Introducing a brand new evening prayer service written by members of the long-term Holden community. This service debuted during May Youth Weekend and seeks to honor night and darkness as times of blessing and renewal in our lives. It also has themes of creation, embodiment, and justice. It will be one part of the musical offerings during Summer 2023.
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Piano played by Steve Wolbrecht.
Introducing Vespers '23: Bless this Night
[00:00:00] Intro: Welcome to the Holden Village Podcast. Holden is a community of education, programming, and worship located in the remote wilderness of the Cascade Mountains. These snapshots provide a glimpse into the learnings taking place in our community. Let's tune in to this week's highlight.
[00:00:39] Dev: Welcome everyone to the Holden Podcast. I am your host Dev. I use he/him pronouns and I am surrounded by an entourage of musical masterminds...and in this episode we are going to discuss a particular composition that all of you have been working on recently. But before we do so, let's go around the circle...say our name, pronouns, our role in the village, and one profound musical memory that you have.
[00:01:15] Mark: Hi, my name is Mark. I use he/him pronouns and I serve the village as pastor. In the course of this project, there's been so many profound moments, but I just love it when we get to that right word and we all get goosebumps. Or we all say, "yeah, that's it, that's the one." I love those moments.
[00:01:31] Heather: My name's Heather. I use she/her pronouns. I have been surprised how much the dictionary has been my friend in this process.
[00:01:41] Steve: My name's Steve he/him pronouns. I've been very amazed at how we've been able to create this musical thing and to hit kind of dead ends a couple times and be like, "oh, that's it. There's no more creativity. That's it. This'll be the best it'll be." And then be able to push through that and then come up with, "hey, wait, no, this actually does work." And then have something come out of that is very nice and joyous and fun.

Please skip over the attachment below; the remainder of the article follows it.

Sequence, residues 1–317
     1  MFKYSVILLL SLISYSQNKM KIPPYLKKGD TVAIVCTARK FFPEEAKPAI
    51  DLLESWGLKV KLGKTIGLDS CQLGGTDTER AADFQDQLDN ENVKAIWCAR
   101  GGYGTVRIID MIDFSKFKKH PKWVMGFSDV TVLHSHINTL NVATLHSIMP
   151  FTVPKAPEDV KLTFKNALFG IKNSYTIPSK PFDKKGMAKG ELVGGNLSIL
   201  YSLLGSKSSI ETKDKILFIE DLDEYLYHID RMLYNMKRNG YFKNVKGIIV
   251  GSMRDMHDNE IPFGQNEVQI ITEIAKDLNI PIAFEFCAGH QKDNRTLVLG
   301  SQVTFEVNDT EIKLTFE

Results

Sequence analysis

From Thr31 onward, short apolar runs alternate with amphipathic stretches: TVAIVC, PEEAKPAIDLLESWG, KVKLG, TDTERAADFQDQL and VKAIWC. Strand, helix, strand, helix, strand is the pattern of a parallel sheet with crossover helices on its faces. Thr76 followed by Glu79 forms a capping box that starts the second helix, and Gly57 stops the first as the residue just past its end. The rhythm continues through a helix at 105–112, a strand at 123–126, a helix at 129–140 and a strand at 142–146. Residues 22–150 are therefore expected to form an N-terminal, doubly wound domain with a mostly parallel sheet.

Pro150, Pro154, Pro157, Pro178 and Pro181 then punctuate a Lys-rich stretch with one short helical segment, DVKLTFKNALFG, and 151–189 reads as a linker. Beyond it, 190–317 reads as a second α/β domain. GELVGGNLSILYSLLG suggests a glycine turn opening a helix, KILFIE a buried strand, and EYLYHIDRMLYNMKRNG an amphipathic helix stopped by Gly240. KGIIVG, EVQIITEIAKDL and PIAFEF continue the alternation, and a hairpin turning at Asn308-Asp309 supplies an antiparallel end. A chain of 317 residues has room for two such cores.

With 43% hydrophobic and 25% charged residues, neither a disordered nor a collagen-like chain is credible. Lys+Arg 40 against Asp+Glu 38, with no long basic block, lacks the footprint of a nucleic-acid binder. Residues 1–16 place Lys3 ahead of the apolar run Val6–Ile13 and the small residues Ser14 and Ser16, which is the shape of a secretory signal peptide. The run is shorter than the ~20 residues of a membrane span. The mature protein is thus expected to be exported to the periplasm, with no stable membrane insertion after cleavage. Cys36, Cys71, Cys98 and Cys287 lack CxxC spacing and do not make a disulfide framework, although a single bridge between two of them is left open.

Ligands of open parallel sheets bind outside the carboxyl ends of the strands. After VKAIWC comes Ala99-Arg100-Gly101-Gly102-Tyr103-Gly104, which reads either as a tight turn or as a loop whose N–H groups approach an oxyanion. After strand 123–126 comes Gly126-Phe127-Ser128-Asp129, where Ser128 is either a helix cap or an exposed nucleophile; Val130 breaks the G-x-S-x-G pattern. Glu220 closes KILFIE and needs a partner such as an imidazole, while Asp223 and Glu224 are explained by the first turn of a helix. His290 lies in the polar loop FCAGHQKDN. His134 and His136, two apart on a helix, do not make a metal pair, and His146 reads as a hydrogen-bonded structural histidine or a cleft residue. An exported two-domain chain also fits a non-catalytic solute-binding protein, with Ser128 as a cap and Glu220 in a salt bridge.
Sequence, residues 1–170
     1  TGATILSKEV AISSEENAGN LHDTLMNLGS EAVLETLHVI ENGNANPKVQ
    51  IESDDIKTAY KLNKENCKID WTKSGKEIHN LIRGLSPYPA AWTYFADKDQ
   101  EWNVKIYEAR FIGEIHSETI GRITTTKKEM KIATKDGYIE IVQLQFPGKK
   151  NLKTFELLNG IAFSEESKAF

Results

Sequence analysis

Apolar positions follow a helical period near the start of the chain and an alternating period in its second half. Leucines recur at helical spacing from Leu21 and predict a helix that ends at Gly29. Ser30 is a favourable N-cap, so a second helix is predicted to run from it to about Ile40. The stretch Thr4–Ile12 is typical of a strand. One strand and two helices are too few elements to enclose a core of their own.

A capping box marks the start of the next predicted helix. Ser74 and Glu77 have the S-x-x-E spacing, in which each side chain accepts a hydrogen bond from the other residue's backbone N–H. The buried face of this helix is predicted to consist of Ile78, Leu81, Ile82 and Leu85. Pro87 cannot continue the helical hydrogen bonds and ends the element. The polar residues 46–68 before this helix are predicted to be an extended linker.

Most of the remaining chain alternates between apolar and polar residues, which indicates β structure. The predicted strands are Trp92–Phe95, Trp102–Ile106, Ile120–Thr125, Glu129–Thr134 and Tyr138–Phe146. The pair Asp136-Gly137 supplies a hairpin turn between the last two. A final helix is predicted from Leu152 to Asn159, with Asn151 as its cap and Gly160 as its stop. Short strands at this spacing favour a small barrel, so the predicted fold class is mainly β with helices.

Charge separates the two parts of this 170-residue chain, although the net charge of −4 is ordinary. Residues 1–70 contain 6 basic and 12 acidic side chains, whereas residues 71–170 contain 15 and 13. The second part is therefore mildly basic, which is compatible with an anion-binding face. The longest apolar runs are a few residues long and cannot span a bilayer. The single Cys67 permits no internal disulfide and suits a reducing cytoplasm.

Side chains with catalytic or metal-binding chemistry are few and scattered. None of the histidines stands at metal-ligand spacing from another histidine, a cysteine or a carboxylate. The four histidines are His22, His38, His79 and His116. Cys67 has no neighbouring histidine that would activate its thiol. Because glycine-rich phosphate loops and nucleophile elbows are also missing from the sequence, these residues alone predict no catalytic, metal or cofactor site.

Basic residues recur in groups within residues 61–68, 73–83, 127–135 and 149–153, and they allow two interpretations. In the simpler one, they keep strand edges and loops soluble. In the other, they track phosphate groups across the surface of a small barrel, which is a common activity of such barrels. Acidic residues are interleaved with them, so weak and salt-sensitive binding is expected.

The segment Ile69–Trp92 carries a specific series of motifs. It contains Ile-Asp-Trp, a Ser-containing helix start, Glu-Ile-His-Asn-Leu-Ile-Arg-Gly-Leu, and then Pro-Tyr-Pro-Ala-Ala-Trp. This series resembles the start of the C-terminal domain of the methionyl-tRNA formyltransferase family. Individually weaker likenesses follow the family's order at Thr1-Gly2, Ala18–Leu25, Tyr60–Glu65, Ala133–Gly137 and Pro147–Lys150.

[00:02:04] Rachel: And I'm Rachel Joy. I'm the accountant lead for the village. I use, she/her or they/them pronouns. One moment that really stands out for was when I had played a part in the recent draft of the psalm I believe it was. And sometimes in the creative process, you think everything's absolutely wonderful, and sometimes in the creative process you think it's all just completely gotta be taken apart.
And I was at this taking apart moment--this doesn't say anything--and then Steve took it and put music to it and it was beautiful. So that sort of giving life to each other in this process was really profound in that moment.
[00:02:41] Dev: What is this composition that you've been working on?
[00:02:44] Mark: We're really excited about it. We're working on a Vesper's 23 service. When I arrived here as pastor in winter of 22, I inherited a conversation that the community had been having around metaphors of light and dark and the way those are represented in our liturgies, particularly in the beloved Holden 86 or Holden Evening Prayer Service.
And so really wrestling with changing some language and adapting that for kind of modern sensibilities and to reflect the current struggles we were having with some of the language. And then in this brief correspondence with Marty Haugen himself, he said in 1985 and 86, that winter community, we didn't have a vesper service that we liked. So rather than changing one that existed, we just wrote our own and extended an invitation to us to go and do likewise.
[00:03:31] Dev: I'm curious has there been any resistance to this process in regards to someone being very familiar with an old song and there being a new iteration for it?
[00:03:45] Mark: Last summer, one of the things we did intentionally to make room for something new was we didn't do hold an evening prayer every week. And that made some of our guests unhappy. There was a little angst and consternation around that, but that was that kind of cracking open.